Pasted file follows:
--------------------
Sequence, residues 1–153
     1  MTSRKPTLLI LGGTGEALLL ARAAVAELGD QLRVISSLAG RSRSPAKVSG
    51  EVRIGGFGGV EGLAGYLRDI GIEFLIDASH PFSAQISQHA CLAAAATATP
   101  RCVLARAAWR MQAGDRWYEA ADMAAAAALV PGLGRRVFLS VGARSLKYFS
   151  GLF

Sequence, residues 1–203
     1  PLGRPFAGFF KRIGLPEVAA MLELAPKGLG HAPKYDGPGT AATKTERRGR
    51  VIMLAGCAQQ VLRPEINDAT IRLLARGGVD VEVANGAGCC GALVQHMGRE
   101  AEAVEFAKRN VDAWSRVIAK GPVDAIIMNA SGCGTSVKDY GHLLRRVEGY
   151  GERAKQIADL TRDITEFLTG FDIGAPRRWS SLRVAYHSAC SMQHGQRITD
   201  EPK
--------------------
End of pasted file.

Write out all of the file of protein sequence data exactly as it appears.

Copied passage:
Sequence, residues 1–153
     1  MTSRKPTLLI LGGTGEALLL ARAAVAELGD QLRVISSLAG RSRSPAKVSG
    51  EVRIGGFGGV EGLAGYLRDI GIEFLIDASH PFSAQISQHA CLAAAATATP
   101  RCVLARAAWR MQAGDRWYEA ADMAAAAALV PGLGRRVFLS VGARSLKYFS
   151  GLF

Sequence, residues 1–203
     1  PLGRPFAGFF KRIGLPEVAA MLELAPKGLG HAPKYDGPGT AATKTERRGR
    51  VIMLAGCAQQ VLRPEINDAT IRLLARGGVD VEVANGAGCC GALVQHMGRE
   101  AEAVEFAKRN VDAWSRVIAK GPVDAIIMNA SGCGTSVKDY GHLLRRVEGY
   151  GERAKQIADL TRDITEFLTG FDIGAPRRWS SLRVAYHSAC SMQHGQRITD
   201  EPK